In Mexico, economic decisions were placed in the hands of doctors and people who do not understand economics – starting with President López Obrador. Guillermo Barba.
The Mexican economy was suddenly shut down, all activities except the so-called “essential” ones, identified at the discretion of the rulers and the empowered doctors, were suspended. This resulted in a brutal economic shock, a dry spell for the entire economy, which should not have happened and could have been avoided. And this was too early. The economy was stopped in its tracks when the numbers of infections and deaths were just beginning to appear. So there was a double mistake: in the health sphere, the government acted too late, and in the economic arena, it acted all at once and too early.
Right now, we are seeing thousands of deaths and infections. Perhaps, it would have been more sensible to increase the restrictions now, not to close the economy. That is a serious mistake. However, they are reopening the economy after destroying it for three months. However, they are doing so with extremely absurd restrictions. Here, in Mexico City, for example, restaurants are allowed to open freely until late, but shopping malls and retail stores have to close at 5:00 p.m. It is ridiculous. What is the rationale? As if the contagion has a timetable. It is good that the economy is opening up a bit, but these absurd restrictions are a consequence of leaving economic decisions in the hands of people who do not understand economics.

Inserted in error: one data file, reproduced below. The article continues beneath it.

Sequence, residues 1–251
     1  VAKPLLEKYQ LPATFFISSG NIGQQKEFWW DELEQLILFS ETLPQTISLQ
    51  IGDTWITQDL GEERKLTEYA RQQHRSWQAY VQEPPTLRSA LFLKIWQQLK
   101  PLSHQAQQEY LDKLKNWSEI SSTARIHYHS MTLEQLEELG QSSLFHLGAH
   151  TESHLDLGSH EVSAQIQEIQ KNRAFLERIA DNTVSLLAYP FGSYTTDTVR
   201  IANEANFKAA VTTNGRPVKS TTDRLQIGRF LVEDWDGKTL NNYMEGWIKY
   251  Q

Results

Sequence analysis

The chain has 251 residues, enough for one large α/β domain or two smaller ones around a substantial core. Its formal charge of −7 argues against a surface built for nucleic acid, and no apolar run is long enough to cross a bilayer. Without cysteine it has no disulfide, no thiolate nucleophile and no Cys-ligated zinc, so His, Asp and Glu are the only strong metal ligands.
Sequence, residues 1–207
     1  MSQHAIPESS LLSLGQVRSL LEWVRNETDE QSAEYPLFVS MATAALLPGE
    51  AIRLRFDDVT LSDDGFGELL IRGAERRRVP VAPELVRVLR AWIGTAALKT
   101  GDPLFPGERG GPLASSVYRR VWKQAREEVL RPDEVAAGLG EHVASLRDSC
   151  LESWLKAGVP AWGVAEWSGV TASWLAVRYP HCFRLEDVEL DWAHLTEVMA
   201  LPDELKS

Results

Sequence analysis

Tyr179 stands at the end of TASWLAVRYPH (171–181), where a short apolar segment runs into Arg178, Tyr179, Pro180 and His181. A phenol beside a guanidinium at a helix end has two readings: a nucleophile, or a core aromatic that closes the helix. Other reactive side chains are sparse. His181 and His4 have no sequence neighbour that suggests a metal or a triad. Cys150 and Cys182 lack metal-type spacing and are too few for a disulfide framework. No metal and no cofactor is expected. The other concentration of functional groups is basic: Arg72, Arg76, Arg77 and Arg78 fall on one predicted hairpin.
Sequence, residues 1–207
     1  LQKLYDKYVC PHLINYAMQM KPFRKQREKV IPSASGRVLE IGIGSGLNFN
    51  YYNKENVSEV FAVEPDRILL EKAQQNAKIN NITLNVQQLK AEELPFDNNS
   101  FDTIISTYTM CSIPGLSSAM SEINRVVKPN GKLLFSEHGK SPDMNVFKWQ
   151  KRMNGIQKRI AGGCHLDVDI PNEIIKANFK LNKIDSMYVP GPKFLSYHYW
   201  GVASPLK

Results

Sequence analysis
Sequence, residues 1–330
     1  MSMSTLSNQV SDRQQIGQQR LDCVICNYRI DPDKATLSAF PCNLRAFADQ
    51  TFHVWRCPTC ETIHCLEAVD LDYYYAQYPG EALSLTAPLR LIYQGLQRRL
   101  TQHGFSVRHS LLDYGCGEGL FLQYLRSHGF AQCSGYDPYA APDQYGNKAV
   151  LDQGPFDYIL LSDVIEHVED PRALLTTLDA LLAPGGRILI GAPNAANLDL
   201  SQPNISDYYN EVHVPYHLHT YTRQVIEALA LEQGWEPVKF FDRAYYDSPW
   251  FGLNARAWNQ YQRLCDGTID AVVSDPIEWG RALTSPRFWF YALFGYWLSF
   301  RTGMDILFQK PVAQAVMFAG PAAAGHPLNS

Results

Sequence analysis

Sorry for going on too long, but this context was necessary to say the following: the Mexican economy is going through a terrible shock and will be one of the worst off in the world. While some countries will face a fall in GDP of between 5% and 6%, in Mexico, we will face a slump that could be double- between 10% and 12%.
And if this wasn’t enough, on the health front, Mexico could become one of the top three countries in the world in terms concerning the number of COVID-1cases and deaths. In fact, we are already in fourth place, having passed Italy, which is logical because we have a larger population. However, there is no mention of the fact that countries with the same or similar population do not have as many deaths or infections. Therefore, we will be one of the worst-affected countries both economically and in terms of health.
Do you think that after this, AMLO will lead the Mexican economy, one of the most important ones in Latin America, into a debacle similar to that of Venezuela or Argentina?
The truth is that it would be difficult to reach those levels. It requires an extreme level of ignorance and economic stupidity to get to where Argentina is, or Venezuela, which is even worse. I don’t expect that of even López Obrador. Relatively speaking, that tells us how bad things have been in Argentina.
But, it is not impossible to reach that point, of course, it is possible. I just think it is unlikely, not at this time, not in these circumstances. We have to take into account that by reviving the economy and passing through the pandemic, Mexico could recover by the end of the six-year period even though we are going to suffer such a terrible blow.
Mexico also faces other problems that predate AMLO’s presidency, and he has made them worse rather than better. I am specifically referring to the problem of Pemex, which is the great Achilles’ heel of the Mexican economy, I would even say it is a complete Achilles’ foot because Pemex is broken; there is no way to rescue it, and the president is determined to save it by injecting billions of dollars. And it will be impossible. So, as we say in Mexico, only good money is being thrown to the bad.